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Thursday, October 27, 2011

Workers slam lowering of poverty threshold stats

Labor center Kilusang Mayo Uno condemned today the lowering of the daily poverty threshold by the National Statistical Coordination Board from P52 to P46 per person for the base year of 2009, saying the move shows the Aquino government’s refusal to address the widespread poverty and hunger in the country.

The revision, announced last February, resulted in the removal of about one million families from those considered poor in 2009 – the latest reference year in the NSCB’s poverty estimates announced every three years.

“This magic trick in poverty statistics puts into question the Aquino government’s sincerity in solving poverty and hunger in the country,” said Roger Soluta, KMU secretary-general.

“A sincere campaign of eradicating poverty and hunger will start from recognizing the real and serious extent of these. That is not what the Aquino government is doing,” he added.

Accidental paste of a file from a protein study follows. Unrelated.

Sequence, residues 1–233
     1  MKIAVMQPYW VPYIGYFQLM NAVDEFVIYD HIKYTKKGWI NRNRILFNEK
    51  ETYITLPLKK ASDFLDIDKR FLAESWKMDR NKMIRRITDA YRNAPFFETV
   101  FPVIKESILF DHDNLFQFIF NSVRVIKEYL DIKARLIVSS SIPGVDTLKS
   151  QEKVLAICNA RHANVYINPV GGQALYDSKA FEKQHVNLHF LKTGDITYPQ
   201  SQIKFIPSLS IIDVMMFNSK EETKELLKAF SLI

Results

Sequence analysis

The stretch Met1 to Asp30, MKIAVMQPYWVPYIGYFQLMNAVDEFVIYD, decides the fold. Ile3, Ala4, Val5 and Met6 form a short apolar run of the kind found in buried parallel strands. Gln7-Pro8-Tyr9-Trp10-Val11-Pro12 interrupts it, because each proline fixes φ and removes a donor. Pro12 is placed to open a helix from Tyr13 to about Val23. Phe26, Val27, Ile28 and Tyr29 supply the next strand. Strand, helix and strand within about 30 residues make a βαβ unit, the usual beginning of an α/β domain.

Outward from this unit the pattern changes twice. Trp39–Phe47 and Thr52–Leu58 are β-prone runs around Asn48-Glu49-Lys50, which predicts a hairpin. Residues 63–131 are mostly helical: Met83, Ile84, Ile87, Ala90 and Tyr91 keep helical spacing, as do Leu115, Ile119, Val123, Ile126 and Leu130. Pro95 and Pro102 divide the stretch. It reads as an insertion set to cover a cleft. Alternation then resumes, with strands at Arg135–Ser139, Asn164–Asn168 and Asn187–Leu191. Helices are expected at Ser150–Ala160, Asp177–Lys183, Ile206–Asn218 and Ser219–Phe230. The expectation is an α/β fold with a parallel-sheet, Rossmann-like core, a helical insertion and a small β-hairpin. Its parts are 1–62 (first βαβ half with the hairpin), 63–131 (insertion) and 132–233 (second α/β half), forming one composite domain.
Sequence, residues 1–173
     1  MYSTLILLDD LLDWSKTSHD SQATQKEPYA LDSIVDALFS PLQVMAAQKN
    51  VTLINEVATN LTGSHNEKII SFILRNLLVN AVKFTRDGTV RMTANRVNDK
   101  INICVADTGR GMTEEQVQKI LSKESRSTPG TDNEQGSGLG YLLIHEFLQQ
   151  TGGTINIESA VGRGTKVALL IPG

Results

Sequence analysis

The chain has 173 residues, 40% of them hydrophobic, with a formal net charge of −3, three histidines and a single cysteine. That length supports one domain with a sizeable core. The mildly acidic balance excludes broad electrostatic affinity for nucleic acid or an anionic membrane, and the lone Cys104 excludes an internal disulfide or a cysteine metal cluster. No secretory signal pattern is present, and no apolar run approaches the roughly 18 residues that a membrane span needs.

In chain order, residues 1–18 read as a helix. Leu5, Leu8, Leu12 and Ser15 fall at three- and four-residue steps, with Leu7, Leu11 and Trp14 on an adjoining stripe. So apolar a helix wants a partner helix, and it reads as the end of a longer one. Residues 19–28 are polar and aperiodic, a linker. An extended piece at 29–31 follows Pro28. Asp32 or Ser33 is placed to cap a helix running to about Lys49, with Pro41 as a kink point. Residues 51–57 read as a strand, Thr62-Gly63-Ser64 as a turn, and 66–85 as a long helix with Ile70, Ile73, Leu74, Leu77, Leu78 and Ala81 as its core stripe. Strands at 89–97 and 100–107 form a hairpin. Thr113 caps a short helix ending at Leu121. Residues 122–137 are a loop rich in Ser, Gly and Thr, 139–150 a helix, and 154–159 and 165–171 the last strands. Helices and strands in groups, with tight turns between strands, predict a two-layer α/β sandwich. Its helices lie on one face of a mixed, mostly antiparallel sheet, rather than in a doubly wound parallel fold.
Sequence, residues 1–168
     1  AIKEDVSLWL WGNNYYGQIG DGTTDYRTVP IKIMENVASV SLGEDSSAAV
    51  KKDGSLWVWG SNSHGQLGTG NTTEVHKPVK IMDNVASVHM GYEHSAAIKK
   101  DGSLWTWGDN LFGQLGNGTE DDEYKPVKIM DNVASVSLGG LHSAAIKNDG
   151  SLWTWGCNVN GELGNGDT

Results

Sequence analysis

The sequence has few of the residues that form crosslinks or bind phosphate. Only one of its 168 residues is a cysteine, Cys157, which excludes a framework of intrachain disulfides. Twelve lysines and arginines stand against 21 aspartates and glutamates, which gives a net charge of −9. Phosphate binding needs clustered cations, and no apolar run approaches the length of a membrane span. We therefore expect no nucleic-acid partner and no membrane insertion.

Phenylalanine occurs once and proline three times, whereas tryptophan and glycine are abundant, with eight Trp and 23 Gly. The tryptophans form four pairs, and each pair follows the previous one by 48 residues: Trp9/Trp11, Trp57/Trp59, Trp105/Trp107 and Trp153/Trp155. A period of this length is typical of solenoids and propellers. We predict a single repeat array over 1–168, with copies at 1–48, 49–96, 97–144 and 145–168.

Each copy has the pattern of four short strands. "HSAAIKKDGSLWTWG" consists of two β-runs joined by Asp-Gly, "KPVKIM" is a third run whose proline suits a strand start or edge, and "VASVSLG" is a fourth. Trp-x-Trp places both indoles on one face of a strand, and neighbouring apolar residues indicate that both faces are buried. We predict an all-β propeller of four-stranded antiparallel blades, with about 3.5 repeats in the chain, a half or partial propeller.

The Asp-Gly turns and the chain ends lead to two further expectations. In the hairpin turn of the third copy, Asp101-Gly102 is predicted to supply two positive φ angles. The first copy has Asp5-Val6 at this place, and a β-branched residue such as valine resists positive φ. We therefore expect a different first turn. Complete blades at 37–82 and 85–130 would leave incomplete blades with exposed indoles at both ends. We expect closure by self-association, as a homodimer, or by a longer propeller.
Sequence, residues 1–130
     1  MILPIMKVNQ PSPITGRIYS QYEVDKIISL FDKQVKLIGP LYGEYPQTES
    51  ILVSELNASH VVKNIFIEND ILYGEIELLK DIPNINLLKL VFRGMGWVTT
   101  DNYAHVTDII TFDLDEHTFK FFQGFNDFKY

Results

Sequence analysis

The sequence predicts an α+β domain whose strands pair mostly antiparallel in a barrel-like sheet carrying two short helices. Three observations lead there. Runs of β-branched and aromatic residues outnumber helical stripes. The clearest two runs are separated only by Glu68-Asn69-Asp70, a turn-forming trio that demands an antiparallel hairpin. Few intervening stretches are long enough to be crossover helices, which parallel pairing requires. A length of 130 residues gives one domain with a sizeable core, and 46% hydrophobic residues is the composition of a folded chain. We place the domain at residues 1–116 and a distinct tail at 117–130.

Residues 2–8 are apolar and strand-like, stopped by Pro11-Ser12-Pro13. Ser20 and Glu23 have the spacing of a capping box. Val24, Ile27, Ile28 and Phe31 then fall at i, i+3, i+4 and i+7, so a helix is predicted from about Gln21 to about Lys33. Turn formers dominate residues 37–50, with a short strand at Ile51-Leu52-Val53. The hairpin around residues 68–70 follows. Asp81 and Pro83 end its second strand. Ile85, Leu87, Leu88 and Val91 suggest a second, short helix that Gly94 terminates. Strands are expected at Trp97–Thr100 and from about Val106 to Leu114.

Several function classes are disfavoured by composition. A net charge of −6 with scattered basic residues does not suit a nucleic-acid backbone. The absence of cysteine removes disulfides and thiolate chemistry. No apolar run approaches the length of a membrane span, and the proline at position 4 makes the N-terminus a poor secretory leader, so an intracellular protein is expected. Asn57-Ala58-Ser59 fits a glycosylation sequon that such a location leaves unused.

Like Gloria, Marcos

The NSCB was able to lower the per person daily poverty threshold by reducing standards for food. Breakfast, for example, was changed from “tomato omelette/coffee for adults/milk for children/fried rice” to “scrambled egg with milk/boiled rice.”

“This is like Mrs. Gloria Macapagal-Arroyo redefining the unemployed by excluding those who are already demoralized and have stopped looking for work. This is like former Pres. Ferdinand Marcos building white walls to hide the urban poor from the view of foreign dignitaries,” Soluta said.

“The goal is not to recognize poverty and hunger but to misrecognize these. The aim is not to alleviate the current levels of poverty and hunger but make the public happy with these,” he added.

Justification for meager minimum wage

KMU said the redefinition of the per capita daily poverty threshold also seeks to justify the very meager minimum wage in the country.

“The NSCB’s redefinition of the poverty threshold is bad news for workers, as it seeks to justify the very small minimum wage in the country. It aims to show that the current minimum wage is more than enough to feed a family of five,” Soluta said.

The minimum wage in the National Capital Region, which is highest in the country, is currently at P404 plus the P22 Cost of Living Allowance granted last May.

“An ordinary Filipino family finds it very hard to survive with P404 a day, so surviving with P46 a day per person is a cruel joke for Filipino workers,” he added. Roger Soluta, KMU Secretary General

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